This kind of pyrotechnic virtuosity would be irritating if Wills were not so consistently thought-provoking. In this instance, he catches very nicely the ambiguities of a middle-class Andrew Young having to learn about civil rights from the television set. He makes a telling historical contrast between Julia Ward Howe’s exultant use of imagery from the Apocalypse of St. John and Lincoln’s sober preference for the “suffering servant” passages in Isaiah and Luke. He shows that blacks, who were brutally stripped of their indigenous religions, nonetheless discovered truths of unanticipated liberation in the slaveholders’ faith. And he makes a spirited defense of Jesse Jackson’s behavior after the death of Dr. King.

For my money, the section on Jackson would have been even better if Wills had directed the same gimlet eye at Jackson that he used in scrutinizing the campaigns of Hart, Robertson, Dukakis, and (in passing) Bush. Disappointment in this matter notwithstanding. Wills materially advances the book’s thesis with a sensitive depiction of Jackson’s base in black religious practice and a description of the unexpectedly strong showings he made in a few white areas where his persona as a man of God emerged.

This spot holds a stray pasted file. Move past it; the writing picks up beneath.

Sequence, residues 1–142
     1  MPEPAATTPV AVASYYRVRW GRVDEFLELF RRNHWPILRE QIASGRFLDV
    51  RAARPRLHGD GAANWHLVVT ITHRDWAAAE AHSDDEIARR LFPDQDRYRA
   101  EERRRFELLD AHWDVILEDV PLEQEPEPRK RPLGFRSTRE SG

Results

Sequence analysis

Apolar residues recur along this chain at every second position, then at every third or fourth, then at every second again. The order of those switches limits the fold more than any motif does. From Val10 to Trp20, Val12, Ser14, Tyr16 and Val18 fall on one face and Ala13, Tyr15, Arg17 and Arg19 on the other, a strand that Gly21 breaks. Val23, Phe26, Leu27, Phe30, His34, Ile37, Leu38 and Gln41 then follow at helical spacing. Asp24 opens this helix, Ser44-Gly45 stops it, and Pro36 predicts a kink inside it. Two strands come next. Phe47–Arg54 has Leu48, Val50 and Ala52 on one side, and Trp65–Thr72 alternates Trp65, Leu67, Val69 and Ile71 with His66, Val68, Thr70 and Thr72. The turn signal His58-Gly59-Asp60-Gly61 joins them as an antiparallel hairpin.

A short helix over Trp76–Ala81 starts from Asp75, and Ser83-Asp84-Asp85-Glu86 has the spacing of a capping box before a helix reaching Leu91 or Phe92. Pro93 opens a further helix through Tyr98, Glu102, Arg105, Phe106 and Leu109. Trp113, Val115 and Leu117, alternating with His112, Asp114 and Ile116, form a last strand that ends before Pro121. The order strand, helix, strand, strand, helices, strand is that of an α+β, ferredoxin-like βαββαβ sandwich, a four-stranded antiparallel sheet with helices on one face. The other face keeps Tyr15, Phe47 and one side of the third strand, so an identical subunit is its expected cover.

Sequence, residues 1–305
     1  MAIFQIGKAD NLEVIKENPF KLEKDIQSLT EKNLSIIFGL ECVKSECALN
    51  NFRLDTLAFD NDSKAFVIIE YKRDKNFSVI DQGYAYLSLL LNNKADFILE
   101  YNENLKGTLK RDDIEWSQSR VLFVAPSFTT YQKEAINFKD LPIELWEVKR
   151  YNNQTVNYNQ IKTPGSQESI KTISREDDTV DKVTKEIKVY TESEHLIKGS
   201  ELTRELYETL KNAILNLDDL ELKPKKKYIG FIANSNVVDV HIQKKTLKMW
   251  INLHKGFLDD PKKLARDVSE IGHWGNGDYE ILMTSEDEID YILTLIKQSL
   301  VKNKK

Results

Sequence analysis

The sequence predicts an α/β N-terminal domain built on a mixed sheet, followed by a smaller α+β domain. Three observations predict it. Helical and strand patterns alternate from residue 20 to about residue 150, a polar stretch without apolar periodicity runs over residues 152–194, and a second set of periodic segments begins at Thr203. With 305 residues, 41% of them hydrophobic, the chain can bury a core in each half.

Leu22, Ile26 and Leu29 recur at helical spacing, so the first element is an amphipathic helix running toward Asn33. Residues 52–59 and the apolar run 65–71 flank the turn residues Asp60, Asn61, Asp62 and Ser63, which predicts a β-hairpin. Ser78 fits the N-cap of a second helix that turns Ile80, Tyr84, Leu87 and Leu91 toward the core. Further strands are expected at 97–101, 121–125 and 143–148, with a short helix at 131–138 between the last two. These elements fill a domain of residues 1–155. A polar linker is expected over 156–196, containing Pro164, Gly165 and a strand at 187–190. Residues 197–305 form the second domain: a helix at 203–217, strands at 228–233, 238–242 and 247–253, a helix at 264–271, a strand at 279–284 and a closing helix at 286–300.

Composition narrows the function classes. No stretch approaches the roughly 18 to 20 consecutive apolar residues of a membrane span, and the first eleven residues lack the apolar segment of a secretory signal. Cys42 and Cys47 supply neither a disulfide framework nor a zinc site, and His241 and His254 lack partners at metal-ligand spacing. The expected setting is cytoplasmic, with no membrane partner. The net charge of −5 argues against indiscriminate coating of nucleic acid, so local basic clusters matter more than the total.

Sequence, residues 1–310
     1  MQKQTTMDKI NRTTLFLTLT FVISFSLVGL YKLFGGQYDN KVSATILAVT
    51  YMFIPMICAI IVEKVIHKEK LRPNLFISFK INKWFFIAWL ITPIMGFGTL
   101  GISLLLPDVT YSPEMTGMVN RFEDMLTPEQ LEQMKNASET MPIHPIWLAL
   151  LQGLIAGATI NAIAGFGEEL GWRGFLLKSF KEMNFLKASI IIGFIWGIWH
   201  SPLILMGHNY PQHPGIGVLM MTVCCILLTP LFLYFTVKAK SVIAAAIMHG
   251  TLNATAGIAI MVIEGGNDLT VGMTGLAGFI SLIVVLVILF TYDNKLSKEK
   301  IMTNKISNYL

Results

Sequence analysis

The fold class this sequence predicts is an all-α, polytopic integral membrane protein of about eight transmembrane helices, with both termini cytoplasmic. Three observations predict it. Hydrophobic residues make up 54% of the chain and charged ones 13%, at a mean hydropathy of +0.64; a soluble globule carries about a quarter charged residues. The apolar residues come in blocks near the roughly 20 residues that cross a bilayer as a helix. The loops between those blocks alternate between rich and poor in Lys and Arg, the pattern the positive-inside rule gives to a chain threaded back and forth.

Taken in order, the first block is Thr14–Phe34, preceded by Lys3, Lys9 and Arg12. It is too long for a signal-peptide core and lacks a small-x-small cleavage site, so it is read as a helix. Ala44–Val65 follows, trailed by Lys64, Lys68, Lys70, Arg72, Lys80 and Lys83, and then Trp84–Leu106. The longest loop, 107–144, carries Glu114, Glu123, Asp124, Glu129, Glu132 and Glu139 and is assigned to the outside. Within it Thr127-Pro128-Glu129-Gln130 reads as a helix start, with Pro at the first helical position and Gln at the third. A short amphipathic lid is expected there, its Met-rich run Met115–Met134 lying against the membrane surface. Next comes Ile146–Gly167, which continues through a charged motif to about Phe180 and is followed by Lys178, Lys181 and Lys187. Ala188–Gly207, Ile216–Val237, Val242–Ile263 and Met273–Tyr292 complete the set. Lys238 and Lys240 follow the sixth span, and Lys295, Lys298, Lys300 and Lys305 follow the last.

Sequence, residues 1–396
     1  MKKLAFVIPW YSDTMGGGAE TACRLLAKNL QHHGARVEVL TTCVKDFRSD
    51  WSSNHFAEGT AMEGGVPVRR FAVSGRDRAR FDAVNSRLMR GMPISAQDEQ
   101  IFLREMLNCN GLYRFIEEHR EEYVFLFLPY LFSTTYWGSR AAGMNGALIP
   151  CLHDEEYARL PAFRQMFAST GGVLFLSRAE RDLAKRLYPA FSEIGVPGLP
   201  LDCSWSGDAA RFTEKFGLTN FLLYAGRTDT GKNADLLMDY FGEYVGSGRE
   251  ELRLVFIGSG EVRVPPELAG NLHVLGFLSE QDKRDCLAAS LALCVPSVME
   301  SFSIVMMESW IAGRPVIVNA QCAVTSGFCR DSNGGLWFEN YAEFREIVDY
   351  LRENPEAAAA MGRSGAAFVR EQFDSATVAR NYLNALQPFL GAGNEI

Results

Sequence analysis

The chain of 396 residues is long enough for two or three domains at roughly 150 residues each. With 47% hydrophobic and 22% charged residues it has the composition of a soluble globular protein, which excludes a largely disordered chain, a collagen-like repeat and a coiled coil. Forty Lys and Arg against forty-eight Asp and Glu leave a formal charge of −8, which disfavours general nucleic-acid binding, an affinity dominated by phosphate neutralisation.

Other sections of the book are equally rewarding. A splendid discussion of William Jennings Bryan, the Scopes Trial, and the general struggle by evangelicals against evolution is richly insightful on the Scopes circus of 1925 as well as on the deeper meanings of antievolutionism then and since. For Wills, all the old truisms are bunk. Clarence Darrow and H. L. Mencken, purported defenders of scientific enlightenment and highbrow culture, are successfully portrayed as manipulative social Darwinists. Bryan, in Wills’ forgiving eye, appears at “the Monkey Trial” not as a doddering old Puritan, but as “the most important evangelical politician of the century,” as a perceptive champion of the common people, and as one who understood only too well how the scientific pretensions of the better sort can lead to the degradation of the masses. Wills thinks that, by contrast, later anti-evolutionists, because they shifted the focus of their concern from the social impact of evolution to technical defenses of biblical details, have both forfeited a vibrant Christian tradition and condemned themselves to intellectual irrelevance.